Depending on your application domain, you will likely have other questions in mind. However, the cornerstone here is the technology. Not everybody wants to start an assembly structure from scratch because that sort of design is going to be very time-consuming. You will need to elaborate your assembly structure carefully to avoid spending hours on its further maintenance and redesign. Here are some technologies which might be of some help:

  1. OCAF/XDE. Do not merely deny this just because OCAF is a bit horrible and not exhaustively documented. It works. We use OCAF-based representation in our CAD Processor software, and it appears that OCAF is a workhorse which saved us tons of efforts.

  2. Relational databases such as SQLite, MySQL, PostgreSQL, etc. Be ready to implement the hierarchy of components together with instancing by yourself. Also, services like Undo/Redo will not be readily available. As an advantage, you obtain declarative queries, consistency ensured by the database engine (think of foreign keys), and an essentially collaborative environment (thanks to the client-server architecture).

  3. Hierarchical databases including no-SQL engines such as MongoDB.
Scene tree which is a dual representation of a HAG.

Regardless of technology, some peculiarities are originating from the HAG concept itself. One of the main questions is how to identify a single occurrence of a part in an assembly given that it has no dedicated graph entity (neither arc nor vertex).

If you are still not sure why you cannot easily address a single occurrence in a HAG, read the paper by A. Rappoport mentioned in the beginning of this post.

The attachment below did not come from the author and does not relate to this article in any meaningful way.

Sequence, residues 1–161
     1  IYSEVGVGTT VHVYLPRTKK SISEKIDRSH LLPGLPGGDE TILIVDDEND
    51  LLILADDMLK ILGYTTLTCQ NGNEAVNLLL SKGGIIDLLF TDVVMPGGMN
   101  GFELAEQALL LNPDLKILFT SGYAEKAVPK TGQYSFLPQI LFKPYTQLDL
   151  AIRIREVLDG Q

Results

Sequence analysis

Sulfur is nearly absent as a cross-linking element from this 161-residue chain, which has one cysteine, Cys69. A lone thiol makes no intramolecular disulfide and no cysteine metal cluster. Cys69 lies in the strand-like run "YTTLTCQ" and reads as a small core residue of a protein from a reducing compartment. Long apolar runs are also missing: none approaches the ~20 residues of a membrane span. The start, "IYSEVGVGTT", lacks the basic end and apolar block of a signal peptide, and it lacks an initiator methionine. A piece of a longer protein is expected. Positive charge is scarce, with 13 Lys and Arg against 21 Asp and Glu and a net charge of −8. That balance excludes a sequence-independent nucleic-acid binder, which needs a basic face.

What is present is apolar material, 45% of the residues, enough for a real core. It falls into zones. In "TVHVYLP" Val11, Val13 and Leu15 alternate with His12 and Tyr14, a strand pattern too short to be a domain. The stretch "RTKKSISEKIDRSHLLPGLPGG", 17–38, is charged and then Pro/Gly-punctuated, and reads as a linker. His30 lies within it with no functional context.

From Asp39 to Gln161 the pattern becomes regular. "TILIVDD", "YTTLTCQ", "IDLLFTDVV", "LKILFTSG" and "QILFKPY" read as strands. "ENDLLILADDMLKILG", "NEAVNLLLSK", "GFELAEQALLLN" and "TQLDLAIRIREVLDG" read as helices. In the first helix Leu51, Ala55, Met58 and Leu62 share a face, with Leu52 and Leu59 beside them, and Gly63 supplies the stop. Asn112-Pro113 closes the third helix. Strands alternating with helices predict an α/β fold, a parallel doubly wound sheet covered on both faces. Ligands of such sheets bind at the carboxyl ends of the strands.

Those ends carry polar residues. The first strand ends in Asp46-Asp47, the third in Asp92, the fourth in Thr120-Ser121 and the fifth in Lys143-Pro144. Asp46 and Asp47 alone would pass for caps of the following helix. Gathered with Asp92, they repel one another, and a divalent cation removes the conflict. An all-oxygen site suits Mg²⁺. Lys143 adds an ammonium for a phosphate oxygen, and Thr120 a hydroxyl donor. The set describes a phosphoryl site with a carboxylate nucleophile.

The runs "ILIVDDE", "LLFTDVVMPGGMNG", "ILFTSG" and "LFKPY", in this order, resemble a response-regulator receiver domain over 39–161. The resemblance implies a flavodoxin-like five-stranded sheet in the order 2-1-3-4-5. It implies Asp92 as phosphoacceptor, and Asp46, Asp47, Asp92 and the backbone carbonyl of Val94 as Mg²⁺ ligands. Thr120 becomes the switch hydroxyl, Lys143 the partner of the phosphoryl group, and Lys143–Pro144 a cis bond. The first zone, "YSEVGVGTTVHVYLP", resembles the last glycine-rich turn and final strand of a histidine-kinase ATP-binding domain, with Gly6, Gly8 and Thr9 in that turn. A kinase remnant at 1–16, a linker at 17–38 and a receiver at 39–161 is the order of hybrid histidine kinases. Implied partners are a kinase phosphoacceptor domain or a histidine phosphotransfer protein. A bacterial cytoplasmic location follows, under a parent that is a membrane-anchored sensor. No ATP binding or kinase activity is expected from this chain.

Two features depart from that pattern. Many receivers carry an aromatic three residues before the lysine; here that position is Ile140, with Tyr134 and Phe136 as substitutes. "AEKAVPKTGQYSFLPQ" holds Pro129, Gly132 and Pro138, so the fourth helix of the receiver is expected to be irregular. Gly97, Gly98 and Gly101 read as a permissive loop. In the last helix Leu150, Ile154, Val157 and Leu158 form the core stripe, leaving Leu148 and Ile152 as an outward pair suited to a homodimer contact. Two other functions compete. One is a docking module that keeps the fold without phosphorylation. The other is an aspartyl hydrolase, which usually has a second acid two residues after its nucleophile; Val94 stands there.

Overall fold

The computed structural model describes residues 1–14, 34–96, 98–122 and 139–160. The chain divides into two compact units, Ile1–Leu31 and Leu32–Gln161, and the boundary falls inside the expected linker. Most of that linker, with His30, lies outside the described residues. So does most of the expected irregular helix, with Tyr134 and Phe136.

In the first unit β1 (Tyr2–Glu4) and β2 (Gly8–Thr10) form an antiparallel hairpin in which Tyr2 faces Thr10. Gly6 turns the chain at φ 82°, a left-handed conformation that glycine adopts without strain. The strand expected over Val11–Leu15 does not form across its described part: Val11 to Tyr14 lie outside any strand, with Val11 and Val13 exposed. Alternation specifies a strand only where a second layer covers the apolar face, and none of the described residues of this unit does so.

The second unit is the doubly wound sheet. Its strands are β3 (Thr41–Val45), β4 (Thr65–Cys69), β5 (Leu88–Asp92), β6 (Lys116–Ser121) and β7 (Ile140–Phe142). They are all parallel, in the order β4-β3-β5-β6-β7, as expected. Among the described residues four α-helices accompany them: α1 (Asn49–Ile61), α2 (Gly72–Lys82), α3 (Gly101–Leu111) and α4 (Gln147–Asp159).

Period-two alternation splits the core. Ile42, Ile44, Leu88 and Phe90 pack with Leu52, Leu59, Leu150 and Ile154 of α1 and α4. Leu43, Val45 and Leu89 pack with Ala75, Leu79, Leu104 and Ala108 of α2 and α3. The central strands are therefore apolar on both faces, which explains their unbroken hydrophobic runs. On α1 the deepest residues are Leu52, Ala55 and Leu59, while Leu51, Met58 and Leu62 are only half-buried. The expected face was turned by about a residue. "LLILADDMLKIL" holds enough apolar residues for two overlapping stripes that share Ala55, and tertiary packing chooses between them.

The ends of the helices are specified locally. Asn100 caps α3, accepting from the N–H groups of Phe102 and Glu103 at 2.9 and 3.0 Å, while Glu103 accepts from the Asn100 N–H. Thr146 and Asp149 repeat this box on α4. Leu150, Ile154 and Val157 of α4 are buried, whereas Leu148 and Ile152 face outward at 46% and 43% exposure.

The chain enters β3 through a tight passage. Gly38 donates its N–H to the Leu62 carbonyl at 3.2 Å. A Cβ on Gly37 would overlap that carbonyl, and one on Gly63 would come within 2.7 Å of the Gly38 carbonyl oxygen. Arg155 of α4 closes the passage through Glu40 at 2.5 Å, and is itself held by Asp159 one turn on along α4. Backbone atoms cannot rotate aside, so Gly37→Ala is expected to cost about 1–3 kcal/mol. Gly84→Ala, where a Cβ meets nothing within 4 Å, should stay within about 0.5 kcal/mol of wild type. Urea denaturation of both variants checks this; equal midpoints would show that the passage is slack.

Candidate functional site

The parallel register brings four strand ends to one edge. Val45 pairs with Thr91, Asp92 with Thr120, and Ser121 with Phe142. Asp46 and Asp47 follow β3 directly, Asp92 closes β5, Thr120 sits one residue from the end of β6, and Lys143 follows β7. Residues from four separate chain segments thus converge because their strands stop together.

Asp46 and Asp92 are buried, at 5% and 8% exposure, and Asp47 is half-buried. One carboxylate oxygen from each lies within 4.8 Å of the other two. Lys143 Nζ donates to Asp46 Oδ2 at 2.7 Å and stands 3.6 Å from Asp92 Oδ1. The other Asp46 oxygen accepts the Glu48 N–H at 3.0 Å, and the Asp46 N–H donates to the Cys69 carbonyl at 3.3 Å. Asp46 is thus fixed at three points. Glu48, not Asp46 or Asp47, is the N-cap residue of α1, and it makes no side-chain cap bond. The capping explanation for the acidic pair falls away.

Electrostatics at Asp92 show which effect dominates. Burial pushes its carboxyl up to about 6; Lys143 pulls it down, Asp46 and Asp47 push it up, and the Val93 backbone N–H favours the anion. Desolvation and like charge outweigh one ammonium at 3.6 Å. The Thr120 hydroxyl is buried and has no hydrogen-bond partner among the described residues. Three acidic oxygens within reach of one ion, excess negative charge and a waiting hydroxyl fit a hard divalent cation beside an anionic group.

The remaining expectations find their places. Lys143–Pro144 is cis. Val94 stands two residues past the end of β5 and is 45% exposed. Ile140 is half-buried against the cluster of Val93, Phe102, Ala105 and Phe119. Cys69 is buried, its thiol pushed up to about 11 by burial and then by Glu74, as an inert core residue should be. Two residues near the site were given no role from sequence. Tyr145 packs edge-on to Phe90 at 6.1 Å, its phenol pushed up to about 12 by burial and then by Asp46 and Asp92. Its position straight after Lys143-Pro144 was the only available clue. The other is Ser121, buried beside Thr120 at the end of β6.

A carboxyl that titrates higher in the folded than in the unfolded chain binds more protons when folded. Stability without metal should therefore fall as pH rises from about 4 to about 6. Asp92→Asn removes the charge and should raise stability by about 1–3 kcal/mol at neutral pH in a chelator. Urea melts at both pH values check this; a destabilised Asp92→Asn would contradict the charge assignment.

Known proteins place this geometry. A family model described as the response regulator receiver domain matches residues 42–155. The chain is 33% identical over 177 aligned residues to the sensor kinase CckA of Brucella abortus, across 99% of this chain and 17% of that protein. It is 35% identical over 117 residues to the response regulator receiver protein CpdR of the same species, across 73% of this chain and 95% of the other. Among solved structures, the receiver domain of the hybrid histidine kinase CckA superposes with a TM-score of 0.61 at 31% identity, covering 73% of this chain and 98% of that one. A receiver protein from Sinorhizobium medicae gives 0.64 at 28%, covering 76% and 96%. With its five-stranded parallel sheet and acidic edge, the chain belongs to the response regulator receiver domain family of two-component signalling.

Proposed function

One solution is to expand the graph into a tree (also called a "scene tree") by iterating it in the depth-first order. Having the scene tree as a main data container, you will be able to trace each occurrence of each Prototype. However, if choose XDE, it will be not easy to expand the underlying OCAF document from its graph representation into a tree. Also, you may desire to keep the graph explicitly as what really comes from a STEP file for an assembly is not a tree but a graph. For a HAG, a unique identifier of an assembly component is the path to this component in the graph. Here is the example of such an identifier:

0:1:1:1/0:1:1:1:1/0:1:1:2:2

The elements like "0:1:1:1" are the OCAF-stylish identifiers of the assembly components. These components are separated by "/" to make a path. Once you understand the composite nature of an object identifier in HAG, it is time to think how to represent such IDs programmatically. It may seem that the structures like std::vector<std::string> are well suited for such composite IDs. At least such structures look nice. Well, at least they look better than std::string alone. Well... Not exactly.

The reason for this blog post was actually a discovery that a primitive string ID is much better than a complex tuple of strings. Well, quite often we prefer complicated solutions because they are more simple to code. Sometimes they also look more "professional." In the example above, you may prefer a vector structure to emphasize that your identifier is

  1. Ordered,
  2. Well-structured.

However, there are more subtle things to reflect on. One particular problem we have been struggling with is the poor performance of data access for large assemblies. Because these complex identifiers are often used as keys in hash tables, it is necessary to provide an efficient way of computing hash codes. The hash code can be calculated relatively fast for the string values, while it is significantly less efficient for vectors. How would you calculate a hash code for a vector? Our solution was to concatenate all elements into a single string and then calculate the hash code for the final string. But stop! Dynamically growing vector means heap allocations which are known to beget the performance hotspots. Simple string representation for a complex identifier works better than a more structured entity because it is (almost) a primitive type whose hashing does not require allocations.

To conclude, be careful with the data structures you choose for driving your CAD assemblies. A bad data structure will avenge you for not investing enough time and brain power at the early stage of software design. Watch yourself when do coding ;)